Tunisia claimed the second edition of the CAF African Nations Championship in Sudan at the weekend, adding to the celebratory atmosphere in the country after their recent political upheaval. Despite the league not operating since the New Year, the strength of Tunisia's domestic football was all too evident in their success at the 16-team tournament designed for home-based players only.
They handed Angola an emphatic 3-0 beating in the final in Khartoum, having overcome Algeria in the semi-final and the defending champions and favourites Congo DR in the last eight of the competition. The tournament provides an opportunity to gain international exposure for players still based in their own countries, and it has been a revelation in terms of the strengths of the respective leagues around the continent.
Long the home of one of Africa's strongest leagues, Tunisia have had a steady rate of success in continental club competition and their relative power was there for all to see as the North African nation won their first piece of silverware since winning the CAF Africa Cup of Nations at home in 2004. “This Tunisian team have players of a high quality who are capable of going very far. We also have a mental strength and in this competition we really wanted to win for the Tunisian people,” said coach Sami Trabelsi.
Second-half strikes from Mejdi Traoui, Zouhaier Dhaouadi and Oussama Darragi won the gold medals for Tunisia. Angola, who got a 92nd-minute goal to draw 1-1 with the Tunisians in the group stage, started well but were unable to break down the opposing defence. They were then overrun after the break as Traoui opened the scoring two minutes into the second half and then laid on a through pass to Dhaouadi for the second goal in the 74th minute. Five minutes later, substitute Darragi added the third goal.
Angola appointed new coach Lito Vidigal to his post just weeks before the start of the tournament in Sudan, and he spent time in Brazil preparing the team, who were in their league's off-season and lacking the necessary match practice. His primary task is ensuring Angola qualify for the next Cup of Nations, but the tournament in Sudan was a good chance to get to know the local-based element of his squad, who make up the majority of the selection. Angola secured progress to the knockout rounds in their final group game with their only win of the tournament, against Rwanda. They then edged Cameroon and hosts Sudan on penalties to reach the final. “I think reaching the final counts as an achievement,” said Lito after the tournament. “It is a good starting point for the work I intend to do with this team.”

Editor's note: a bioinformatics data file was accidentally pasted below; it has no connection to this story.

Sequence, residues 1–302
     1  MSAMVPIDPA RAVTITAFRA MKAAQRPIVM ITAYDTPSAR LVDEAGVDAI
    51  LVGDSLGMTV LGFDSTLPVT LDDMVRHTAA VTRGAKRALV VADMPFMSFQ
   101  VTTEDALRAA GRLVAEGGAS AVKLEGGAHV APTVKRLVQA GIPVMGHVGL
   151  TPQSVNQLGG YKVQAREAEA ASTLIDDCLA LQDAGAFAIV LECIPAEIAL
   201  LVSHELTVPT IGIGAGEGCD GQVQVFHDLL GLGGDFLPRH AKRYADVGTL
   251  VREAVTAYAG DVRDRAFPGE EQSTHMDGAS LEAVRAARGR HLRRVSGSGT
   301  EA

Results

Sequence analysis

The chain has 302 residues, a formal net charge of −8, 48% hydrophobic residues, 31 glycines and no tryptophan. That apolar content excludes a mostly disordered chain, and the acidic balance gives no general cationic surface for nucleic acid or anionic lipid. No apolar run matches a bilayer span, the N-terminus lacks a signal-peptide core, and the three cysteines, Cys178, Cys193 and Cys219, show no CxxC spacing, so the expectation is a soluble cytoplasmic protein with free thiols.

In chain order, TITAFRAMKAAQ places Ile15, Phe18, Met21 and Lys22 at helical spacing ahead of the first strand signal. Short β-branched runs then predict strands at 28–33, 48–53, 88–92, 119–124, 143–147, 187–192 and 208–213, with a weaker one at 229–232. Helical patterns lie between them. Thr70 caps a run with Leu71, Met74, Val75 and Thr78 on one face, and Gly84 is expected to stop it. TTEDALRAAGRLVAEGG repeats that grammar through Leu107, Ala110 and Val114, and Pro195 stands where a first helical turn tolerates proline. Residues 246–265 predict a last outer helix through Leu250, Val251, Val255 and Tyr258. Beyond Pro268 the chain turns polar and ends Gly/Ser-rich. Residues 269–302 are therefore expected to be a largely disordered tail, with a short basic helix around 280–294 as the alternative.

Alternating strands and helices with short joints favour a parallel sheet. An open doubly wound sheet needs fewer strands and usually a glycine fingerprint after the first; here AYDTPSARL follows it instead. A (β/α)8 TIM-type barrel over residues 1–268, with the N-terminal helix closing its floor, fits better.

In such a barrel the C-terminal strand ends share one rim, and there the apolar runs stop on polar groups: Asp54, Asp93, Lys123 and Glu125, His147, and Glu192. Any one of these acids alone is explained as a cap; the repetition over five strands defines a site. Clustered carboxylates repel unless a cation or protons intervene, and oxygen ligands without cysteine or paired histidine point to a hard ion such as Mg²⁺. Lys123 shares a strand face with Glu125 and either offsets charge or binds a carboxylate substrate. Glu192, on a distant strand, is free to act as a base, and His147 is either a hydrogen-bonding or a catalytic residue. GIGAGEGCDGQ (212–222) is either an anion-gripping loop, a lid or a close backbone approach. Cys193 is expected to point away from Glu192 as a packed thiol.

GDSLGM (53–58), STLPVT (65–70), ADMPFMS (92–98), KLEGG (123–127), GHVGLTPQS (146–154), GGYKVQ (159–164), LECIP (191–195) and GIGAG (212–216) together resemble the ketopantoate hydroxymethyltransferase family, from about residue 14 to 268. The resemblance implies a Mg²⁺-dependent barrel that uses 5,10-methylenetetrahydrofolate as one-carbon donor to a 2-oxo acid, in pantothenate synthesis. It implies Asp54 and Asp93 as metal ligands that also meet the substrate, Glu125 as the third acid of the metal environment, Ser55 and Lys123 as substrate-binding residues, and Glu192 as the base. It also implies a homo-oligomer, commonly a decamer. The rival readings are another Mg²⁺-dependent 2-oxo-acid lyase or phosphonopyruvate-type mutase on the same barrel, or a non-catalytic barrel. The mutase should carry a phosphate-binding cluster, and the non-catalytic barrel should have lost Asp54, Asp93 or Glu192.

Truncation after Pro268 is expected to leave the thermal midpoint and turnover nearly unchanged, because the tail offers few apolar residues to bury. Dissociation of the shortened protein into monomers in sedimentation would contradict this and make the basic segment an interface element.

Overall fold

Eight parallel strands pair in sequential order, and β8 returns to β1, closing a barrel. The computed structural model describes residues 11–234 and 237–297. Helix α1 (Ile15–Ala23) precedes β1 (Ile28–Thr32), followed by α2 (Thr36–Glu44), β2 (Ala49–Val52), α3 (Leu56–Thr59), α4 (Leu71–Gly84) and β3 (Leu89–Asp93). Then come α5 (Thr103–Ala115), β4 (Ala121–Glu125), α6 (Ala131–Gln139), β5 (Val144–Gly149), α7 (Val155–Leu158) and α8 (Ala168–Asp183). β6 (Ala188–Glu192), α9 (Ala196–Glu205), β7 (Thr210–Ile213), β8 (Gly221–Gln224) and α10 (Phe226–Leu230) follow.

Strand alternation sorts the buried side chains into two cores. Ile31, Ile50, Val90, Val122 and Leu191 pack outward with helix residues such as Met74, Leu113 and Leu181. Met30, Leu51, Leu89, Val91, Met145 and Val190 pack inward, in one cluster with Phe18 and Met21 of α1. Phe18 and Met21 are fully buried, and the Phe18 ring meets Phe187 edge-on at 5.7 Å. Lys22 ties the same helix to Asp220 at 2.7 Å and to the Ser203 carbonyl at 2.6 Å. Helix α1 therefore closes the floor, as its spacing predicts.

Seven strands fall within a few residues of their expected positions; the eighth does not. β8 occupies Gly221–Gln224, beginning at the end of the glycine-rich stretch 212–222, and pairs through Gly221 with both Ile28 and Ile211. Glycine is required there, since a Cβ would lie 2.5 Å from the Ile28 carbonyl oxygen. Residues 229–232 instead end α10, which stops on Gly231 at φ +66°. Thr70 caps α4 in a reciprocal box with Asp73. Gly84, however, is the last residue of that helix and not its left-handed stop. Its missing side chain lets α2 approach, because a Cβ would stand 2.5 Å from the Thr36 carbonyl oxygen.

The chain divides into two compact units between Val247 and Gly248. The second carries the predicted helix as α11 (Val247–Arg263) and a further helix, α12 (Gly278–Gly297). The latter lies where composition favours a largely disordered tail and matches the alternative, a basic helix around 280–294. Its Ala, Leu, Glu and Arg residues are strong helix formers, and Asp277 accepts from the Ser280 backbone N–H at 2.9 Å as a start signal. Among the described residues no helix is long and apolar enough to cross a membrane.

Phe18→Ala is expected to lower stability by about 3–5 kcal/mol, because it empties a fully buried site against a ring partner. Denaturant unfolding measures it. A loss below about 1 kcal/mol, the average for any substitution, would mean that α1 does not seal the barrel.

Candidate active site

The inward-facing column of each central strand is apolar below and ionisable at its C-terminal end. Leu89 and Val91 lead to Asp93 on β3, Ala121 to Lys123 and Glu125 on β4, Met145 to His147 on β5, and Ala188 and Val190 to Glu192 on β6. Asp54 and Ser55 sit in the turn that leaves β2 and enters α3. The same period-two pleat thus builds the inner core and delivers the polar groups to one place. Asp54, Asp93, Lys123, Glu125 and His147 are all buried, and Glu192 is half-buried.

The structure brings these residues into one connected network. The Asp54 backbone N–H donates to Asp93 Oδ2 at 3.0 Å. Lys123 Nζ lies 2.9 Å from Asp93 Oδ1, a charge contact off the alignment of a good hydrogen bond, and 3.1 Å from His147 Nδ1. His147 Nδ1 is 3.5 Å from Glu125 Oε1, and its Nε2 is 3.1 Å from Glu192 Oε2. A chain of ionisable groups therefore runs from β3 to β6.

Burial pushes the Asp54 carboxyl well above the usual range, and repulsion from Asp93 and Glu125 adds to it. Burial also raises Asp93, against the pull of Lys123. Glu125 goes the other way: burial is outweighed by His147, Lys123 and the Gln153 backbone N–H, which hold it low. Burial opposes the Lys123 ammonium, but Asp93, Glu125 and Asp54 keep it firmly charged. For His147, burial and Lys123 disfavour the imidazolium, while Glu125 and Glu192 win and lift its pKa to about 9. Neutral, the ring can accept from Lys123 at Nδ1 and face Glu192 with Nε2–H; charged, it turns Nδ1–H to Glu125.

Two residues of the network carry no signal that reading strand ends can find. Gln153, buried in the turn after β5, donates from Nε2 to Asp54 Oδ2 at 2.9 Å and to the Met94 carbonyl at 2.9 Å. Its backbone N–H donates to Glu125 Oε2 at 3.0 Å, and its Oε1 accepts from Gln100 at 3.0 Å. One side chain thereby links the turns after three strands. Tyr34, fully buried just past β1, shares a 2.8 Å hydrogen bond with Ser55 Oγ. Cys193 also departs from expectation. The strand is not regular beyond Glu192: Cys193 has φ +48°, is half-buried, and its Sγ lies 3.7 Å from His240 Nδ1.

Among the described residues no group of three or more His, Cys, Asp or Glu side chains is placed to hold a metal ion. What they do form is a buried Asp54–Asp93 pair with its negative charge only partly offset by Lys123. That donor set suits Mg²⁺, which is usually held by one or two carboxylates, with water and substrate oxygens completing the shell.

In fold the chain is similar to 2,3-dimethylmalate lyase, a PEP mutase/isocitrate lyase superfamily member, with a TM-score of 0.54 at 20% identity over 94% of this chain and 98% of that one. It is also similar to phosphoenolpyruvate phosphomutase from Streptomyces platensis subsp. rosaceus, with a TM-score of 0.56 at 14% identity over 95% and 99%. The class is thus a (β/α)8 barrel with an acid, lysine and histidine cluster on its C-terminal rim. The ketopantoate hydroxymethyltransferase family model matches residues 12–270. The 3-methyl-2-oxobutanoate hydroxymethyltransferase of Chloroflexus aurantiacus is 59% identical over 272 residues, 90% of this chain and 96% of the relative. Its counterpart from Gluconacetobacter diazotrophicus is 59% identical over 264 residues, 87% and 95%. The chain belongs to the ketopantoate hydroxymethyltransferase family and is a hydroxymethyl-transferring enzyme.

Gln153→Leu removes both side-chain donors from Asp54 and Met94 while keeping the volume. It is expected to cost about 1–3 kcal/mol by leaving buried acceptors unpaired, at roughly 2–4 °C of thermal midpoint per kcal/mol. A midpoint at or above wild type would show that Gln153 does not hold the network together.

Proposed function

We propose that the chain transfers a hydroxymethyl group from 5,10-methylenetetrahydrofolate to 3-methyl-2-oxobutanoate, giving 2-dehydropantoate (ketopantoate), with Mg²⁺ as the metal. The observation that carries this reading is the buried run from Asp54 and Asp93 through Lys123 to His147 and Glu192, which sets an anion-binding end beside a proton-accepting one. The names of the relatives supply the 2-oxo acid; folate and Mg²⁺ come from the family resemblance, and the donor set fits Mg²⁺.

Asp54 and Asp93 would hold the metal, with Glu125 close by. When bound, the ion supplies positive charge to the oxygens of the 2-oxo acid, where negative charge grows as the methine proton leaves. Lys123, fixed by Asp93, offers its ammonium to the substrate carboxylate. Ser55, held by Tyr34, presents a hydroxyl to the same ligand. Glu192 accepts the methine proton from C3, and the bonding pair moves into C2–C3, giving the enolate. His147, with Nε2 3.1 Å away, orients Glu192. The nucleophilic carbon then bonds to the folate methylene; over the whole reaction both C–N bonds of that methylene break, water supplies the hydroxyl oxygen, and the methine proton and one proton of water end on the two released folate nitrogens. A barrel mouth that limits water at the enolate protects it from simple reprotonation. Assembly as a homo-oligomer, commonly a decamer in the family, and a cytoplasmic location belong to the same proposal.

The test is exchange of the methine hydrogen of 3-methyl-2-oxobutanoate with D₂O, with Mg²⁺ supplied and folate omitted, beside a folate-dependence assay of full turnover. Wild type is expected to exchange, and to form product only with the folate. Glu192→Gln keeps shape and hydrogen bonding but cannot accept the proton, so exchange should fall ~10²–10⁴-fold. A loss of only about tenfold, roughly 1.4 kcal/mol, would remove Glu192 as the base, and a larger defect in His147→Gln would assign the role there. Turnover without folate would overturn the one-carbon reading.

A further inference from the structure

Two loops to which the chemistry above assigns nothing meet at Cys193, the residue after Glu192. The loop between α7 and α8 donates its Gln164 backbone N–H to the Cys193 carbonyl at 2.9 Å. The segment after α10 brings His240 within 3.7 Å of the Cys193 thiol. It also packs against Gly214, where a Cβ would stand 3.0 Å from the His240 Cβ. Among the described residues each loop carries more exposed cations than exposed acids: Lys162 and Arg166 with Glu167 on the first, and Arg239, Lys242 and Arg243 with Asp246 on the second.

Zouhaier Dhaouadi of Club Africain and Tunisia was named as the tournament’s best player, running his side from midfield and proving decisive in the key matches along the way to the title. The promising 23-year-old, who comes from Kairouan in the centre of Tunisia, went to the last Cup of Nations after battling his way back from injury and is now a national team regular.
Adel Chedli was a member of Tunisia’s full international side when they won the 2004 CAF Africa Cup of Nations. Now he has become the first player to also pick up a winners’ medal in the event known as the CHAN. At the age of 34, the France-born Chedli is concluding his career at Etoile Sahel, having started his journey at St Etienne and played also in Ligue 1 for Sochaux and Istres and in the Bundesliga briefly at FC Nuremburg.
South Africa sent a ‘development’ team to the tournament and surprised many by winning all three of their group games and making it to the quarter-finals. A patchwork side, coached by Simon Ngomane, was made up mostly of third division players after the clubs of the country’s top two divisions refused to allow their players to go off to the tournament. But despite their inexperience, South Africa beat hot favourites Ghana in the first round and chalked up two more wins before falling to Algeria. Already several of the unknown players have received offers from top flight clubs in the wake of their unexpected progress.
It will be three years before the next African Nations Championship, which is being switched to each even year as the Cup of Nations changes scheduling to every odd year from 2013. Libya is due to host the 2014 edition, and it will be in Rwanda two years later.